Leading up to that meeting, with the announcement to be made at 8:45 this morning (Daylight Savings time has already occurred there), markets are rebounding modestly from yesterday’s risk reducing session. I’m sure you are all aware of he size of the decline in stock market indices yesterday, with US markets falling ~3.5%, their worst single day performance since June. What was quite interesting about the session, though, was while equity risk was abandoned, haven assets, which had a bid early in the session, lost their luster as well. In fact, Treasury bonds wound up the day unchanged, and yields there are actually almost a basis point higher this morning.
A quick tour of equity markets shows that Asian markets were somewhat lower (Nikkei -0.4%, Hang Seng -0.5%, Shanghai +0.1%), although they all closed well off the worst levels of the session. European bourses are ever so slightly higher, on average, with the DAX (+0.4%), CAC (+0.1%) and FTSE 100 (+0.3%) all in the green. The big outlier here is Spain’s MIB (-0.95%), which is feeling the pain of the latest story about the genesis of the new strain of the virus, as well as responding to the announcement by PM Sanchez that the national state of emergency has been extended for six months, meaning lockdowns are almost certainly coming there soon. US futures, meanwhile, are currently up about 0.5%-0.7%, although that is well off the earlier session highs. The question remains is this a modest trading bounce, or was yesterday an aberration?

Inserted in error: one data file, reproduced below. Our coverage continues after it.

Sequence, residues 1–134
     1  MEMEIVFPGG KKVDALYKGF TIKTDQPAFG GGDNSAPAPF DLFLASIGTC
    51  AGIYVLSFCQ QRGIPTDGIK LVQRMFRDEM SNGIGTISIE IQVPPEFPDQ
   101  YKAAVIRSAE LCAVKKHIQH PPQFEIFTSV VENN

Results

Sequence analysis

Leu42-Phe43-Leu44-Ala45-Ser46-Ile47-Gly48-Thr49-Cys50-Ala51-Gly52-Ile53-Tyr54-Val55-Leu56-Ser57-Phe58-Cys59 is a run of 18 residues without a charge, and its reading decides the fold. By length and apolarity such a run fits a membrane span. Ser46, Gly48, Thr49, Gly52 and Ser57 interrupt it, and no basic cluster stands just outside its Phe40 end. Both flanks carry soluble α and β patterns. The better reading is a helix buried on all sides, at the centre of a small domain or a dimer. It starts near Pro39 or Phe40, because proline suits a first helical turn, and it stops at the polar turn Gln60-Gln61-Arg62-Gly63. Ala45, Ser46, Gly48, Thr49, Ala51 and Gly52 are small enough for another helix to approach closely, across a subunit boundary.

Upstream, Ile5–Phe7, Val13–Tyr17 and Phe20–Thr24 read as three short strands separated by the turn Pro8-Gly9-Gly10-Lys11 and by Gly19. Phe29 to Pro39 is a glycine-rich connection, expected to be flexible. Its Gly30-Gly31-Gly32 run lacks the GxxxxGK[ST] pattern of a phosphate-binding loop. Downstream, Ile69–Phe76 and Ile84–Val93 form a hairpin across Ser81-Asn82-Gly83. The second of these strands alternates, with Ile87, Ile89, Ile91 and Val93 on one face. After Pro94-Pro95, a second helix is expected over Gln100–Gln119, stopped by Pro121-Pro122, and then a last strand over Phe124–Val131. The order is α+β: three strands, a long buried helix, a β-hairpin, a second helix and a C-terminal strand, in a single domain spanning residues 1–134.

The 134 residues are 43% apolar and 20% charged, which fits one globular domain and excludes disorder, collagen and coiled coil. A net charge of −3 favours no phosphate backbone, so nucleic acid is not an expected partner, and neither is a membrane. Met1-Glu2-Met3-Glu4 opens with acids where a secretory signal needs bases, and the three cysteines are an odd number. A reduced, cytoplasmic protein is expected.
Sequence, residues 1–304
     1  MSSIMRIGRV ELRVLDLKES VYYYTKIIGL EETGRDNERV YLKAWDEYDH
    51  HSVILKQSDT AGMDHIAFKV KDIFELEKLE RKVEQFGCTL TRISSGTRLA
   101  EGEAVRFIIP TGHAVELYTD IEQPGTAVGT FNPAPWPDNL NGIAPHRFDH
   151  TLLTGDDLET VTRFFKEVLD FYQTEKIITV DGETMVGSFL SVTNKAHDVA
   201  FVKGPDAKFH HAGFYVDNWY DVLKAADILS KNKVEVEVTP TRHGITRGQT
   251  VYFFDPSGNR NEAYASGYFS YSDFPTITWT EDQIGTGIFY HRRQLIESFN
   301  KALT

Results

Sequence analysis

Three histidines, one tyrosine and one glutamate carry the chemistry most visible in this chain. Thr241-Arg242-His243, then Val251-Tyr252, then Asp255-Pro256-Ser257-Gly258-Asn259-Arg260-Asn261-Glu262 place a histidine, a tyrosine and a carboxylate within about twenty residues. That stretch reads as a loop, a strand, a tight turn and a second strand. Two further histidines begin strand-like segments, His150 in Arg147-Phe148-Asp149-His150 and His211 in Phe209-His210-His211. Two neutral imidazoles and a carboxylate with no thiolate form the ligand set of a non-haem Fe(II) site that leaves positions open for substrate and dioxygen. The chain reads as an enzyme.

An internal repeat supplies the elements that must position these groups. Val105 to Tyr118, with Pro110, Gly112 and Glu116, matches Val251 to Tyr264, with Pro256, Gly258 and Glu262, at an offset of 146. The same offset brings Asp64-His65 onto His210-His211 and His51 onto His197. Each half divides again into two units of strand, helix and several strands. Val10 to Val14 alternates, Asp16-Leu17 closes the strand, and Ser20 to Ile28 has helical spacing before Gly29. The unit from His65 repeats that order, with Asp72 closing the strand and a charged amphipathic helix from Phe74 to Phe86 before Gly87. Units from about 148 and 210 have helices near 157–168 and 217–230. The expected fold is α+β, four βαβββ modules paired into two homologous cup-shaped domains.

Unlike the Treasury market, with a modest uptick in yields, Bunds and OATs are both rallying with 1 basis point declines. It seems I am not the only one who thinks the ECB may act today, as any early action should see an uptick in demand for European paper. Oil, on the other hand, is having another tough day, down 3.5%, and at $36/bbl, WTI is back to its lowest level since mid-June. Fears over slipping demand alongside growing supply are infiltrating the market.